“I itch to do something new”, this is how a PM I’m mentoring explained why she is considering new opportunities. “I really didn’t like the people I talked with, and the business is not going to grow further” mentioned a good friend of mine about his recent experience interviewing at a company.
Changing jobs is a very stressful experience. Unfortunately, many people are now forced to change and choose a new job.
It is important to have a good framework to decide which job is the right one for you at your current stage of your career. Many people optimize for the sake of change or for revenue rather than optimizing for what is best for them. Let me share the framework I have been using for a few years now. This framework is inspired by decision tree algorithms. Decision tree algorithms are used in machine learning (and statistical learning in general), they are a representation of all possible solutions to a decision based on certain conditions. It breaks down a problem into smaller, more manageable components by creating a tree-like model of decisions and their possible consequences. I do not intend to go in depth in decision trees but if you are interested, Harvard Business Review has an excellent article on Decision Trees for Decision-Making (and yes, it is from 1964 so nothing novel here).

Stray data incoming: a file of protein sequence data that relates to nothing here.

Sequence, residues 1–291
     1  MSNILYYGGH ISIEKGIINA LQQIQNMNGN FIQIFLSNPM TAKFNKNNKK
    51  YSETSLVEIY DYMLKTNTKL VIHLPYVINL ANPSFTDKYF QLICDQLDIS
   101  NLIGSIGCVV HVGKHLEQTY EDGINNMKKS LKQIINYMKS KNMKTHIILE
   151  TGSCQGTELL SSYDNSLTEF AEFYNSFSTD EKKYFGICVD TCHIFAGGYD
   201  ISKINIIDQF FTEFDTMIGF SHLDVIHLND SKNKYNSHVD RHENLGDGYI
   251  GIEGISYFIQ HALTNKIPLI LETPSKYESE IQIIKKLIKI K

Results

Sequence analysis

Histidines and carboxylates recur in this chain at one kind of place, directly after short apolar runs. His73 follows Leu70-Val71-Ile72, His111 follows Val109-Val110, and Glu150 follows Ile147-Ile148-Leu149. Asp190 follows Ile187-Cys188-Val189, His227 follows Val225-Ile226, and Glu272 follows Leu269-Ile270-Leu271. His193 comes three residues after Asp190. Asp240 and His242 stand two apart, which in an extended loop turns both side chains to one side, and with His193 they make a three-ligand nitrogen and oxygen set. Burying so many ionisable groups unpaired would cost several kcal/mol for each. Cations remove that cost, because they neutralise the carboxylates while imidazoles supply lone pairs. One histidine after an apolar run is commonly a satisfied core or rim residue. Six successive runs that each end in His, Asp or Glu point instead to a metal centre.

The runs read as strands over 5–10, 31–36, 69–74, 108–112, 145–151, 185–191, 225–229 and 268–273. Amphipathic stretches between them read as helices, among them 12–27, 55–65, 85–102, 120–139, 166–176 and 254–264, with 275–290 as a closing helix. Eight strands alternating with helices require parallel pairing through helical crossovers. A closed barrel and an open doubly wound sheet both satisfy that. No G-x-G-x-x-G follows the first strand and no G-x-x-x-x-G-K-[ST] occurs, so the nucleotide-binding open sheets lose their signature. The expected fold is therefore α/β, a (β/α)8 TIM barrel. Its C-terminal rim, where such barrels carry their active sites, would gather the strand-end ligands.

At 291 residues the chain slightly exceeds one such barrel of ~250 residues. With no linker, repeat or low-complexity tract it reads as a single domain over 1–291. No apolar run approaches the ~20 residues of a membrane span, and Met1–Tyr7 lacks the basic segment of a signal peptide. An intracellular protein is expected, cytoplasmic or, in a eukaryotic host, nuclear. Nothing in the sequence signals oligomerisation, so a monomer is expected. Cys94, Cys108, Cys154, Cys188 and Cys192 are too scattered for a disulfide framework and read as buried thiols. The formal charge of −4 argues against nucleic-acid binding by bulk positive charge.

The framework, at a high level, is composed of multiple categories, composed of weighted elements. These categories will be unique for you, they should represent everything that matters to you. In each category, you will also have a set of elements. Each element should have a weight representing how valuable or important it is for you. For each job opportunity, you should use a scale (I am using 0 to 10).
This is how it looks like, conceptually:
To make this more concrete, here’s a super simple example with values.
What is important is to find all the categories that matter for you and what are all the elements that compose that category. Set a proper weight for your personal value and find the right value for each element of a job opportunity.
Personally, I have categories like “technology”, “people management”, “location”, “organization”, “customer relationship”, “growth & impact”, “compensation”, “risk”, “work-life harmony”, and “family impact”.
I’m trying to stick to this template to stay consistent in my values for each job opportunity:
2 A bit
7 > Average
10 A lot
Feel free to grab that spreadsheet here and make it your own!
Good luck in your decision and I hope this will be helpful.